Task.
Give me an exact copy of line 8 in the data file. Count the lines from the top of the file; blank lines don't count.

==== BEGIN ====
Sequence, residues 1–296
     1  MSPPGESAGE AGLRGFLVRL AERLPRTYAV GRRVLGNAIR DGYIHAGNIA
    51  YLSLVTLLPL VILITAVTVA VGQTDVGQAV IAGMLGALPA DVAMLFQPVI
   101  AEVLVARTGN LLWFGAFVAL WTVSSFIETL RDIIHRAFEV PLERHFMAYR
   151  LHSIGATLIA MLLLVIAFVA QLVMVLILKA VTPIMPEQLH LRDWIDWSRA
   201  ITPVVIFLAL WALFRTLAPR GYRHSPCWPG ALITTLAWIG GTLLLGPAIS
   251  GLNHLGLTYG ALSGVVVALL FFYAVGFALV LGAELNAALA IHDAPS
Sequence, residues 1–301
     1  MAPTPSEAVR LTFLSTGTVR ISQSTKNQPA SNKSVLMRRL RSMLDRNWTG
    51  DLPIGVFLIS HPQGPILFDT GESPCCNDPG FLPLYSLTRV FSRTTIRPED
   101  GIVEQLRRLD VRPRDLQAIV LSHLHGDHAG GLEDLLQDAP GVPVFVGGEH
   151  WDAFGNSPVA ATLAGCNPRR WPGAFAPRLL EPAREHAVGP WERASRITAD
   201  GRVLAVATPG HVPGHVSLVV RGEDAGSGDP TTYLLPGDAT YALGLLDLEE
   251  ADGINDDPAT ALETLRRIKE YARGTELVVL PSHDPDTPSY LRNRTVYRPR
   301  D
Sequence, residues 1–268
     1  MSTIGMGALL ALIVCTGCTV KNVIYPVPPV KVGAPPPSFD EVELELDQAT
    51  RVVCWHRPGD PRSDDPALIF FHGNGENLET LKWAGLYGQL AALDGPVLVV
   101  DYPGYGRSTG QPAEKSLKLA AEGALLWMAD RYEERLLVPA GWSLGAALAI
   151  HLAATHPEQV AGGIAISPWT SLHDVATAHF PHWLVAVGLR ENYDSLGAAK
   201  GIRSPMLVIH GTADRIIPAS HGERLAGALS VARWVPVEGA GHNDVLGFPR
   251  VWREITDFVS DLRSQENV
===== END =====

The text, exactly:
Sequence, residues 1–301